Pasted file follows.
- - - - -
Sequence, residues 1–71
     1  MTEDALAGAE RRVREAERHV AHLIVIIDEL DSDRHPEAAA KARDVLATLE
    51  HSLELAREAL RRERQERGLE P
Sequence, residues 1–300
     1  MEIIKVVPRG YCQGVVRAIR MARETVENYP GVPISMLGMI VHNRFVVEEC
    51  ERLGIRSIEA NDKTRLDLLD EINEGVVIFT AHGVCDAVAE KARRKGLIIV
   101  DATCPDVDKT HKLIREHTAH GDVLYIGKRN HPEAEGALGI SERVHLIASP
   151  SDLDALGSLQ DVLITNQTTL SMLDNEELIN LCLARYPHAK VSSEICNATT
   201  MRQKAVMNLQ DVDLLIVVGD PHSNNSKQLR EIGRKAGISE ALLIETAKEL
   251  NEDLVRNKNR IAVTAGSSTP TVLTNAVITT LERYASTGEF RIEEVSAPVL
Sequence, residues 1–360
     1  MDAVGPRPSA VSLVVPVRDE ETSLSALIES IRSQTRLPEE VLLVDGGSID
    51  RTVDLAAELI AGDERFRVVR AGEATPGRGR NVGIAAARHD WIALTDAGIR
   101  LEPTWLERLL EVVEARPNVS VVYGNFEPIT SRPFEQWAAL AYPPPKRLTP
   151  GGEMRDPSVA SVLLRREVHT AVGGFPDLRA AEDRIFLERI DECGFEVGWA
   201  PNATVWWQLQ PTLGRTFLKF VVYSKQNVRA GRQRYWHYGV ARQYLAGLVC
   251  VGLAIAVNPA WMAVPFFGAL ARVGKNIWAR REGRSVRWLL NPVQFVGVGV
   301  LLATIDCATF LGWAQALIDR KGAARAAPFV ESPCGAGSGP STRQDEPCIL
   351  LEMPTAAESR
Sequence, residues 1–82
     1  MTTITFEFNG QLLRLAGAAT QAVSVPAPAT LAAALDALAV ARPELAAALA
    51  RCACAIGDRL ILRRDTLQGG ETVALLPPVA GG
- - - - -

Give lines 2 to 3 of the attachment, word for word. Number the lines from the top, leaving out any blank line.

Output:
     1  MTEDALAGAE RRVREAERHV AHLIVIIDEL DSDRHPEAAA KARDVLATLE
    51  HSLELAREAL RRERQERGLE P